It must be realised that what Cuban citizens regard as ‘the revolution’ is not what we assume it is in the West – it is not the Communist Party per se. Rather, it is the world-class health care, free education, women’s rights, and racial equality to which all Cubans have become accustomed.
All four of these gains are seen as fundamental pillars of Cuban society; Cubans do not want to lose these important social goods, and do not see the US brand of liberal democracy as a way to guarantee them for the future.
Yet, across the Gulf, initial support of this vision of Cuban freedom, and for Castro, was quickly washed away by the tide of anti-communism. Along with it, this longing for independence by the Cuban people has since been largely forgotten by its Northern neighbor.
Yet Cubans are reminded of it every time they pass a statue of a national hero or revolutionary slogan. Independence is, literally, around every corner.
Obama’s visit was to do away with all this, to “bury the last remnant of the Cold War” and “look to the future with hope.” But Obama’s refusal to be “trapped” by history in order to move forward was seen as disingenuous by many of those we spoke to.
That is, Obama’s call “to leave the past behind” was not a forgetting of history, but rather an effacement of history. For Cubans, the hope of reconciliation lies not in removing this “shadow of history” from Cuba-US relations, but to recognise it and live with it.
For Cubans, moving forwards must mean the forgiveness, not forgetting, of historical wrongs. In order to forgive, this history has to be first acknowledged.
What do Cubans Want?
Obama’s visit was, in no small measure, motivated by the faith in the opportunity posed by the opening of Cuba’s economy to the region, to the world, and to its own people.
In his address at the Gran Teatro de la Habana, the US President was sanguine about the future, and the role of Cuba’s cuentapropistas therein.
While he emphasized the importance of Cuba finding its own way in the world market, the fact that he was accompanied by a retinue of courtiers – a Congressional delegation, entrepreneurs and journalists – speaks volumes about the message Obama intends to convey to his own constituency.
Clearly, a market of some 11 million eager and well-educated citizens is Cuba’s la fruta Madura of today – something keenly recognized by wealthy investors across the Gulf. Promises of ending the embargo, expanding tourism, and infrastructure development projects, are just the first economic benefits to be won for those with foreign capital.
But what do the Cuban people want?
Media reporting seems caught between two equally paternalistic assumptions on this question.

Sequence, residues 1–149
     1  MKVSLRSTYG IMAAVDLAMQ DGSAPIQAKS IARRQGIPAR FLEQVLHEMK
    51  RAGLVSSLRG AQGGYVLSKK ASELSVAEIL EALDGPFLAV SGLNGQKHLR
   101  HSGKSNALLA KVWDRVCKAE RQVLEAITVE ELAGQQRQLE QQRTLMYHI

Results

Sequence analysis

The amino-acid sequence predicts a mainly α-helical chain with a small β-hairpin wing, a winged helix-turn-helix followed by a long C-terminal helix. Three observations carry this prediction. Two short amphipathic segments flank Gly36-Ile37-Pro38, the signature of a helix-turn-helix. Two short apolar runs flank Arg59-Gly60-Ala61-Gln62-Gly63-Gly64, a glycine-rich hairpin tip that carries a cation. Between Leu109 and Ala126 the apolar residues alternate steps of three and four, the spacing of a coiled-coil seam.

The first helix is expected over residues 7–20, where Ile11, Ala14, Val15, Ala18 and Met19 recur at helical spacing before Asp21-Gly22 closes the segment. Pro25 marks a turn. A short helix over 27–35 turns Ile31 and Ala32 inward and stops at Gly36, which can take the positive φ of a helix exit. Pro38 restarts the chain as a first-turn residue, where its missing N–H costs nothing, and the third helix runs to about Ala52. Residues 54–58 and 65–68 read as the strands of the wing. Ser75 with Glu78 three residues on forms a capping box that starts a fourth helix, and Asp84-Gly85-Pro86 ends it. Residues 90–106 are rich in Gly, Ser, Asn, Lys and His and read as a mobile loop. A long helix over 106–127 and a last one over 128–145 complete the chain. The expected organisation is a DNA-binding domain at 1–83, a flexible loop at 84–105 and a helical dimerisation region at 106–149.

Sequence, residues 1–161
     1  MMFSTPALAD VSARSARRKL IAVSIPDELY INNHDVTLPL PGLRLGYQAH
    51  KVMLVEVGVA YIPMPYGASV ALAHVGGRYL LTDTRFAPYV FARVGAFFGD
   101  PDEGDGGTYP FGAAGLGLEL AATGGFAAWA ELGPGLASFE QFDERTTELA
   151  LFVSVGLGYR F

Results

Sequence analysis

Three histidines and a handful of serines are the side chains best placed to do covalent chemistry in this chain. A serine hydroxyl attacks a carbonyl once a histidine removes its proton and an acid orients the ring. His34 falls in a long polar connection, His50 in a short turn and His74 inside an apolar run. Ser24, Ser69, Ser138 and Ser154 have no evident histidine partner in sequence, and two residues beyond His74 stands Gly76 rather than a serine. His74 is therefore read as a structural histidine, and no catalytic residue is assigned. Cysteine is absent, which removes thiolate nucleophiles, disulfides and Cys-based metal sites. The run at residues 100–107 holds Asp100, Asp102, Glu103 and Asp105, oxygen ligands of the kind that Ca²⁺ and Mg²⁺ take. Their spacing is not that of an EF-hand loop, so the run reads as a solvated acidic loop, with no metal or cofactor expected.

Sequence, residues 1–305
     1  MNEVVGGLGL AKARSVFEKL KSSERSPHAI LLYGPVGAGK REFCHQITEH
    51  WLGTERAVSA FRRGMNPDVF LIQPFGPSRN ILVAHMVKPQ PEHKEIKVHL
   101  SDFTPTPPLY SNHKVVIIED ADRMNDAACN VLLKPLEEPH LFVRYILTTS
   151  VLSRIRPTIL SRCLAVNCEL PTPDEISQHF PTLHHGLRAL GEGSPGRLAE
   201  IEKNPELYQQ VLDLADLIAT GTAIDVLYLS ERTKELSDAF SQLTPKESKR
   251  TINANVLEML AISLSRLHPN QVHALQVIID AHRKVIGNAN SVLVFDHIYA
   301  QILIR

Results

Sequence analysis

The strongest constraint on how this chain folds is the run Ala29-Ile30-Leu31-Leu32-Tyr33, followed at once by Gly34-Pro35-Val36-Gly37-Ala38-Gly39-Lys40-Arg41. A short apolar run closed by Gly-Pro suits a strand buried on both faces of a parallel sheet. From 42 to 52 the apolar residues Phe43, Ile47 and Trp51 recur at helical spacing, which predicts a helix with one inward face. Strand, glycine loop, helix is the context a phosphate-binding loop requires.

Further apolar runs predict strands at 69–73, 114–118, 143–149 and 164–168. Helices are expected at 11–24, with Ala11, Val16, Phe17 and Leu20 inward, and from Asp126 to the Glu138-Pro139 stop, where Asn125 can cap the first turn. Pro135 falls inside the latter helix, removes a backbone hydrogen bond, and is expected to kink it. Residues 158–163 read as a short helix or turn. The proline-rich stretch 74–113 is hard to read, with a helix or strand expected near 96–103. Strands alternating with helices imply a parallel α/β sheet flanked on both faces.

On the one hand, there is the view that Cubans cannot wait to do away with Castro, the revolution, and socialism and embrace a full-blown market economy. On the other, there is the view that Cubans are so oppressed by Castro and communism that they have no knowledge of their own agency and destiny but need help from outside.
The reality is quite different. What we found is a fully aware, resilient and strong populace that wants to retain independence, key social benefits, and who desire future economic improvements on their own terms.
In these new relations with the US it is about “sticking to your principles,” as a journalist from Santiago told us.
All want to see a “peaceful” change of relations centered on ending the embargo. For it is not under-development, nor lack of goods, but low wages that restricts their purchasing power.
All professionals have to supplement their extremely modest income by other means and whilst this has eased a little since the Special Period, it is still the key issue.
Whether a vascular surgeon or university professor, none make a wage from which they can afford simple luxuries. Thus, easing bureaucratic red tape, promoting small enterprise, and ending the embargo are key priorities for expanding economic opportunities.
However, this should not be confused with a desire to transition to a market economy. Rather, most want the gains of the ‘revolution’ to be retained. So, there is a strong degree of caution amidst the hubbub of Obama’s visit: after all, the future promises have not yet become concrete changes.
Cubans are only too well aware of the constraints upon Obama’s agenda for change, which include the looming US election, the Trump phenomenon, a hostile congress, and Obama’s own ‘lame duck’ status.
So far, despite the symbolic meeting, not much has changed in ordinary Cubans’ everyday life. But change does loom on the horizon.
Thinking beyond ‘development’
Cubans are moving into this future with their eyes wide open. Their hope is tempered by a healthy dose of dubiety. While Cuba’s future is uncertain, it is essential to resist the urge to see Cuba as a backward society in need of intervention from the West to sort out its development problems.
Cuba has always been, and continues to be, a place that produces skilled, knowledgeable, and passionate professionals – who think and act beyond the geopolitical embargo.
It is high time we look to the political and imaginative resources already abundant in Cuban society, and resist the temptation to diminish the fiercely social understanding of political independence that has driven Cuban society in the face of hardship and uncertainty over centuries.
At the same time, we should resist the urge to think of this period of transition as just a one-way street.
As a self-employed professional in Santiago questioned, “which one is the better, which is the correct way to think?” In response, our translator quipped, “Maybe it is the Americans who can learn from us?”